CNBC's Rick Santelli and Steve Liesman break down the latest data on the economy.» Read More
With uncertainty and volatility big issues much like last year, money managers say go for high dividend-paying stocks and sectors such as healthcare, consumer staples and utilities.
In the low-interest rate environment of today, new strategies are needed to make the most of your savings and avoid the inevitable bite of inflation.
Amid a plethora of worries ranging from political unrest in the Middle East to slowing growth in China, the hope normally associated with the start of a new investment year has been trumped by fear. Rather than playing down risk, investors are obsessing over it.
Our special report focuses on the financial decisions that will pay off throughout the year — saving, preserving, allocating and investing money.
2011 was a volatile year for the financial markets, and many experts expect 2012 to be the same. What's an investor to do? Cast your vote.
Savings rates are near zero, stocks are expected to be volatile, and the job market remains weak.
Financial resolutions are great, but when it comes to investment decisions, you'll need information and commitment.
Whether you are twenty-something and in your first job or sixty-plus and and retired, there are steps you should be taking.
While experts recommend tracking expenses to rein in unbridled spending, it is possible to build a nest egg without accounting for every penny. Start by having your paycheck deposited into a master account, from which all big payments are auto-debited.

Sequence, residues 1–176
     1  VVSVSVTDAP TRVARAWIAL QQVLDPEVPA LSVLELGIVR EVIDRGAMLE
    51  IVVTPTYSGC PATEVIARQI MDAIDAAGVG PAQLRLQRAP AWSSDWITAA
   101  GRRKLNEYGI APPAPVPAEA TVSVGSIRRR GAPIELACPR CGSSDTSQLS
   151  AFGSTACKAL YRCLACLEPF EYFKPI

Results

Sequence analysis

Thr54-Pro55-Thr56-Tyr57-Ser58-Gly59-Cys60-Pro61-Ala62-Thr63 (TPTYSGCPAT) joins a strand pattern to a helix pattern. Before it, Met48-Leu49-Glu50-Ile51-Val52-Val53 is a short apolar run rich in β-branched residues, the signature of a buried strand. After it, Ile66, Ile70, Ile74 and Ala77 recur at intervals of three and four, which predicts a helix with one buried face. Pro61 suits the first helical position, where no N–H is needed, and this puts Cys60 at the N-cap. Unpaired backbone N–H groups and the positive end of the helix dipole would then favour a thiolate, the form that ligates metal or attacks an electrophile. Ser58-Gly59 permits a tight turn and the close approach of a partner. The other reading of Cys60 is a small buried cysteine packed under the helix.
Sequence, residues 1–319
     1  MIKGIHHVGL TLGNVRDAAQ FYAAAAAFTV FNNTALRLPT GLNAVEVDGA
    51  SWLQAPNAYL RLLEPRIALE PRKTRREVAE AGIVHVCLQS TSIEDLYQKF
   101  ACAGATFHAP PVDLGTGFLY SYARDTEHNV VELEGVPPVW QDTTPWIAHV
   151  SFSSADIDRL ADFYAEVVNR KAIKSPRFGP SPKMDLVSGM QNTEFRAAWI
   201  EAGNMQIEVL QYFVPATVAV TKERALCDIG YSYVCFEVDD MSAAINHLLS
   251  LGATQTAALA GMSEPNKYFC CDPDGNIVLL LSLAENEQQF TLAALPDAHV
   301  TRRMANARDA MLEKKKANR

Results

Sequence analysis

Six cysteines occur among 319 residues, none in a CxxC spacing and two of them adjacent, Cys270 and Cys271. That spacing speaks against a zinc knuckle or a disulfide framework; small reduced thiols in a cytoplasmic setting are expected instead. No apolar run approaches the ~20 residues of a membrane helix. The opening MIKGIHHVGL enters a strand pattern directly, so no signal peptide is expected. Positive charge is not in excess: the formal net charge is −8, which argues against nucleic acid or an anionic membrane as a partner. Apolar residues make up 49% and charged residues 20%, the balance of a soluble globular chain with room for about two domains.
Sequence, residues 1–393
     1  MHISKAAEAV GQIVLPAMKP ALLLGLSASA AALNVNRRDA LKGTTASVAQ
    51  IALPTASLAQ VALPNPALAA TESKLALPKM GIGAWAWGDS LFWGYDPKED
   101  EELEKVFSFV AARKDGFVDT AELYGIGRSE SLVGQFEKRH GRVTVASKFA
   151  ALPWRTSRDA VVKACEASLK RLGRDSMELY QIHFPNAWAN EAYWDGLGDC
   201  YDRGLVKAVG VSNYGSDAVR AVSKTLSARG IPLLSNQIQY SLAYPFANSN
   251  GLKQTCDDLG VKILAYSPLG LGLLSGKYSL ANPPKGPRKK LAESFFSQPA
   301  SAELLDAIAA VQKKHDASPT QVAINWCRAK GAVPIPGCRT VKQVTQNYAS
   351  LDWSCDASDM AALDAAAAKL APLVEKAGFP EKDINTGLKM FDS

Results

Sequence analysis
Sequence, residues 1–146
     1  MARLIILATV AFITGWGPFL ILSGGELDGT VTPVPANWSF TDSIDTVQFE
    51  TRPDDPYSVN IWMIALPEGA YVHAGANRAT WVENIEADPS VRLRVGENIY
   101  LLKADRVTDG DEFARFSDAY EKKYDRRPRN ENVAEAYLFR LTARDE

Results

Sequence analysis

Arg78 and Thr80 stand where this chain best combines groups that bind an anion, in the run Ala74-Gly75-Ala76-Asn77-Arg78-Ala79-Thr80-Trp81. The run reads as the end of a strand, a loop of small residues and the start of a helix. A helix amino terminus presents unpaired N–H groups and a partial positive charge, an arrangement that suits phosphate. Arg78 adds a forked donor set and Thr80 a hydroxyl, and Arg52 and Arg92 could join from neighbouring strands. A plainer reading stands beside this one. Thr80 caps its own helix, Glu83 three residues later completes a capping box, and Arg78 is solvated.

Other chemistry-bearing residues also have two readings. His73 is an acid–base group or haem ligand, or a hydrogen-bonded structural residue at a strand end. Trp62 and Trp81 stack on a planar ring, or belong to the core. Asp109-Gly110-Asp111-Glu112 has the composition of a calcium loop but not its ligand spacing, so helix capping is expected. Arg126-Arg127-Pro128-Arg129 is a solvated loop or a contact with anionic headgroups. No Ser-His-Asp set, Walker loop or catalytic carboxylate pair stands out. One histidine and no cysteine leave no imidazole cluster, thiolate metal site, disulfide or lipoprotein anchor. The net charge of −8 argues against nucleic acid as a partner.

A luxury pad in one of the world’s most exclusive neighborhoods might be seen as an indulgence for only the super rich. But international property developer Nick Candy told CNBC that for the shrewd investor, it can often be a long-term commitment worth making.
The IRS audited one in eight millionaires who filed taxes last year while only auditing 1 in 100 individuals earning less than $200,000 in an effort to "assure that there's equity in the system."
New research concludes that Americans enjoy less economic mobility than their peers in Canada and much of Western Europe, the New York Times reports.
Prosecutors accused three Swiss bankers on Tuesday of conspiring with wealthy U.S. taxpayers to hide more than $1.2 billion in assets from tax authorities, and sources briefed on the matter said the three worked for Wegelin & Co, one of Switzerland's oldest private banks.
The money to be made collecting Barbie dolls revolves around acquiring vintage dolls that are, optimally, still in the box with all their accessories. “The Barbie market and values are strong,” says one expert.
With a little know-how and a little more cash, investing in fine art and maps could keep your money safe during uncertain times.
As the first signs of an economic recovery make the news, many of the nation's nonprofit organizations are digging in for another three to four years of financial distress, according to researchers who keep an eye on the charitable world.
Antique weapons, once indispensable tools for self-preservation, have become lucrative vehicles for wealth preservation. And one needn’t pay an emperor’s ransom to buy in.
The canvass of investment planning has been subject to a variety of hues absent from the traditional 24 color Crayola box. Industries evolve, rules of thumb lose their grip on what’s considered suitable and unannounced complexities require a different brand of expertise from those providing advice.
The second in a series of special investors clinics for CNBC's alternative investment program, Michel Kappen answers your questions on the whisky investment market
Fine whisky has been part of Scotland’s heritage for more 500 years, but it is only recently that the investment opportunities for its most famous export have become clear.